An electronic newsletter highlighting veterinary issues for Illinois veterinarians
May 17, 2004 Volume 1, Number 10
In This Issue
· New Website Features
· Giant Snails
· 2005 ISVMA Annual Convention
· State Fee Increases
Category of Links
Dynamic New Website Features Announced
The ISVMA website (www.isvma.org) has some exciting new additions that should provide valuable resources for your practice. The “Find a Veterinarian” tool allows ISVMA members to quickly locate contact information on each other and clients to search for ISVMA member doctors. As many as 1700 visitors a day have visited the ISVMA website and the potential for client referrals is considerable. This listing is a member benefit is not available to veterinarians that don’t belong to ISVMA.
ISVMA members also have access to a “Member Center” that contains legislative information, a Member-2-Member messageboard, and a library of past issues of the Epitome and E-SOURCE newsletters and issue white papers. The messageboard is a great place to exchange ideas and information or gather information from your colleagues.
ISVMA also has the capability of processing credit cards online. New member applicants can choose to pay online with their credit cards. Renewing members can also pay by credit card by calling the office or sending in their renewal forms with their credit card information filled in. There will be an online payment option for next year’s renewals. You will also be able to register and pay for the 2005 ISVMA Annual Convention online.
The “Classifieds” section has been updated and contains many useful leads. Please remember to let us know if you need our classified services!
We wanted to make the website dynamic so you will use it as a tool to enhance your practice. Use the online “Feedback Form” to let us know if there is anything else we can do to make it work better for you!
Have You Seen Giant Snails?
Both Wisconsin and Ohio have recently reported the presence of multiple giant African snails (Achatina fulica) in their states. This is the second known importation of these snails in Wisconsin. These snails can cause extensive damage to agricultural crops and pose a risk to human health. These snails are illegal to possess in the U.S. under the federal Plant Pest Act and can reach 8 inches in length. These snails are considered serious agricultural pests in the U.S. and can consume over 500 different types of plants. Extensive damage could be done by the release of these species into the environment.
These snails can also act as the vector for the rat lungworm (Angiostrongylus cantonensis) that can cause eosinophilic meningitis in humans. In both states these snails were brought into school classrooms by students. The snails may be given to students to take home at the end of a session. It is believed that these snails are being sold illegally by pet stores, at swap meets or through exotic animal dealers. The Angiostrongylus parasite can be transmitted to humans by ingesting improperly cooked snail meat or by handling live snails and allowing their mucus to contact human mucous membranes such as those in the eyes, nose and mouth. Larvae can be identified in snail slime and feces.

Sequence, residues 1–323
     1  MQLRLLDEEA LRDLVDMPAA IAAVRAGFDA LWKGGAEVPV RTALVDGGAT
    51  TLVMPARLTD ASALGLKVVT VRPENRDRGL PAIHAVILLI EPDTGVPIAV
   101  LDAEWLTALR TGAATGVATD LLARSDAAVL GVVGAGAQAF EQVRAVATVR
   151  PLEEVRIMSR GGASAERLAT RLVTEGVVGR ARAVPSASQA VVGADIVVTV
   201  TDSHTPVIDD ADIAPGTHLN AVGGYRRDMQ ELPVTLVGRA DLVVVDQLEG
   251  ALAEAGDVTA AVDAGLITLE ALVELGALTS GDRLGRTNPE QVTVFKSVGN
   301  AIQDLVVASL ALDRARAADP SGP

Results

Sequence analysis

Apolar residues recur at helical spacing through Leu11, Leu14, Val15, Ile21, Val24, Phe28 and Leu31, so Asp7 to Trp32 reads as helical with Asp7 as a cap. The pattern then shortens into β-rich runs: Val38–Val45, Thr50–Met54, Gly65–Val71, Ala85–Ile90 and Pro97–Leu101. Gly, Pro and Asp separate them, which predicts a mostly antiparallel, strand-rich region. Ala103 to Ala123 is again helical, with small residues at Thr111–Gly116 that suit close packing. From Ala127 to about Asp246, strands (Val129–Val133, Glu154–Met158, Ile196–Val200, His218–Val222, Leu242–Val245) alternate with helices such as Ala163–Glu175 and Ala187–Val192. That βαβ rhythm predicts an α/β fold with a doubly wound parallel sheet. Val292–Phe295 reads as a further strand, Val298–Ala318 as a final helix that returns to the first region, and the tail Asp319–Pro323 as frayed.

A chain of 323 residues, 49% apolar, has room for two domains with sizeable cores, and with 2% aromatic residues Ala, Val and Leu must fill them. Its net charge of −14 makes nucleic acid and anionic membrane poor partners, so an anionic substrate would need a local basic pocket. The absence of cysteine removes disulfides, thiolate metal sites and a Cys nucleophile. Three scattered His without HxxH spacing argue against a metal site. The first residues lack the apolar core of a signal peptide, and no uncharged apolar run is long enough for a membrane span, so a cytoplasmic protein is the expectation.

If you hear reports of any giant African snails in your jurisdiction please alert the local health department in your area. The local health department should report the presence of these snails to the Illinois Department of Public Health. The Animal and Plant Health Inspection Service of the United States Department of Agriculture (USDA) would pick them up if they were identified in the state. For additional information please visit the USDA website:
Have You Heard About the Big Change?
The ISVMA Annual Convention is going to be held at the Crowne Plaza Hotel in Springfield, IL on November 4-6, 2005. The meeting date has been switched from February to avoid conflicts with national conventions, avoid weather-related cancellations and to better accommodate the scheduling demands of the exhibitors that make the convention possible.
The 2005 ISVMA Annual Convention is already being planned and you’ll be excited about the many program changes that will make the meeting a much more fulfilling experience for veterinarians and their families!
Recently, Governor Rod Blagojevich proposed 200 new fee increases that he has included in the Fiscal Year 2005 budget to generate approximately $57 million in new revenue for the State of Illinois. Last year, 300 new fees were passed without input from the industries and professions upon which those fees were levied.
If you are opposed to these fee increases, we strongly encourage you to contact your local state representatives and state senators to express your concern.
The fees increases that will impact the veterinary profession are: